I was presented with a question from a user the other day. They needed to be able to use Adobe Flash on a Windows 2012 R2 server while using Internet Explorer. Apparently, they have regular users logging into the server to grab information from the web server application it was running. Aside from the blatant security issues of using Flash in IE and why they don’t access it remotely via HTTP, I don’t know, but I will be looking into it. So I started looking into installing Flash. The installer that they had downloaded, presumably from their machine, told me “Your Microsoft Internet Explorer browser includes the latest version of the Adobe Flash Player built-in.” Well, I went to the Adobe Flash test page, and it didn’t load Flash. So where was it? Well, after some digging, I finally discovered that while IE 11 does indeed contain Adobe Flash, it does not contain it on Windows Server 2012 unless you install the Desktop Experience. I only found one other webpage that appeared to mention this, so I thought I would help spread the word. If you need Adobe Flash on Server 2012, make sure you install the Desktop Experience feature. Keep in mind however that it will require not one, but two reboots. After you install the feature and reboot, it will apply settings at bootup, then reboot again.
Where I work right now, they use a Nortel phone system. For voicemail, they use CallPilot. The CallPilot system happens to be on the network, which is rather intriguing. For the department I am in, we use an Asterisk phone system that talks to the Nortel. I’ve always wondered however if there was an phone directory of the extensions. I was told no. So I did some digging. I happened across and LDAP server running on the CallPilot system. After some hacking, I discovered that the LDAP system had all the names in it (outdated of course). Two caveats though: it is only the extensions which have voicemail and it is using LDAP 2.0.
There are times when I need a Windows program that performs an outside function to simply access a website with a particularly formed URL. Many times, these programs do not have an option to “touch” a URL. By touch, I am referencing the touch command in Linux which creates an empty file. Sometimes I need to touch something like http://www.somewebsite.com/folder/update.php?q=Update. I could use wget for Windows, but why do that when I could use a built-in function of Windows. I wrote a VB Script that simply “gets” a URL and exits.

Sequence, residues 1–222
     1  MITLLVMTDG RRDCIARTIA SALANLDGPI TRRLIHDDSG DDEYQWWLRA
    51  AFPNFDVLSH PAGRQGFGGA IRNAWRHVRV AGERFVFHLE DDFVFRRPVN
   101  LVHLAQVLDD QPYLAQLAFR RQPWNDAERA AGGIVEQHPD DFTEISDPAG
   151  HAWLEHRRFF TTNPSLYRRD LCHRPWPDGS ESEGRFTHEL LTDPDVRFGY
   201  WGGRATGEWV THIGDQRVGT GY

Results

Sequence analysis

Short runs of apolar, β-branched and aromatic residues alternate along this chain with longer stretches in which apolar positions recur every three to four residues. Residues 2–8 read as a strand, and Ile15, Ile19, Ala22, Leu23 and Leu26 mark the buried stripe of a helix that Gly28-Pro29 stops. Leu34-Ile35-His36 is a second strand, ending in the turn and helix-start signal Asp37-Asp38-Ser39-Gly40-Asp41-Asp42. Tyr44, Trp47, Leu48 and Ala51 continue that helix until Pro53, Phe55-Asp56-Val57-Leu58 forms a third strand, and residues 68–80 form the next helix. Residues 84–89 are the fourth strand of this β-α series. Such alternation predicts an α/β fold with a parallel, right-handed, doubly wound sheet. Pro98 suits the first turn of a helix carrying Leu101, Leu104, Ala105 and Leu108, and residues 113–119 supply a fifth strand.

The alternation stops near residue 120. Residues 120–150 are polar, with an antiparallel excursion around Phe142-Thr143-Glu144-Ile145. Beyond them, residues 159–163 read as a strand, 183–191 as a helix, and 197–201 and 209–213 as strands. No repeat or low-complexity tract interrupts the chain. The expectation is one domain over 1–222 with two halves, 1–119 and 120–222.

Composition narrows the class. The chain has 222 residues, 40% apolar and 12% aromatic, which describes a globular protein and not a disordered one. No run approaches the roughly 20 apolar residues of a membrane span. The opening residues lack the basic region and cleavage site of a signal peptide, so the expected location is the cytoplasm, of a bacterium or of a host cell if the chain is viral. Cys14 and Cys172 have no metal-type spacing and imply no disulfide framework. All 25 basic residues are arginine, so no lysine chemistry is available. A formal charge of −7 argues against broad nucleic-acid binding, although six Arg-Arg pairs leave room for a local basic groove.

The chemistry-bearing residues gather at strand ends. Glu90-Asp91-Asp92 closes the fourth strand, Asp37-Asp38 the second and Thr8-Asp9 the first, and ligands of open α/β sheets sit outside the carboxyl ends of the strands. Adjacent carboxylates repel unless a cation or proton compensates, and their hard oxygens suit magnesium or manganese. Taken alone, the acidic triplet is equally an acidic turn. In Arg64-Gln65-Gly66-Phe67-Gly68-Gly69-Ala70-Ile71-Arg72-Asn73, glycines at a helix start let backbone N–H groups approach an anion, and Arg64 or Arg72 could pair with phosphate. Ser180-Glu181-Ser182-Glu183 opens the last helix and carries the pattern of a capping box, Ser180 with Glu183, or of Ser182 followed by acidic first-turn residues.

' Created by Jason C. Greb
Set Args = WScript.Arguments
URL = Args(0) ' Read argument (must be in quotes)
Set oHTTP = CreateObject("MSXML2.XMLHTTP")
oHTTP.Open "GET", URL, False
oHTTP.Send() ' Send to the server
'Wscript.Echo oHTTP.Status ' Output the status if you'd like
Set oHTTP = Nothing
This script takes an argument after it, in quotes, and accesses that URL, then quits. You can add it to your program that runs an external program and put the argument after it. Keep in mind that you may need to reference the cscript.exe file (usually in system32) then the script, then the argument.
From time to time in a corporate network a user may lock out their account accidentally. In the corporate network that I am involved in there are generic accounts (unfortunately with dead simple passwords) that occasionally get locked. Since this is a 24/7 operation, it can happen in the middle of the night (in fact, more common at night). So to ease this a bit, and be proactive, I decided to find a way to get an alert every time an account gets locked. I of course, just used Windows easy to use built in feature. Oh wait, Windows doesn’t have that… Read on for how I did this…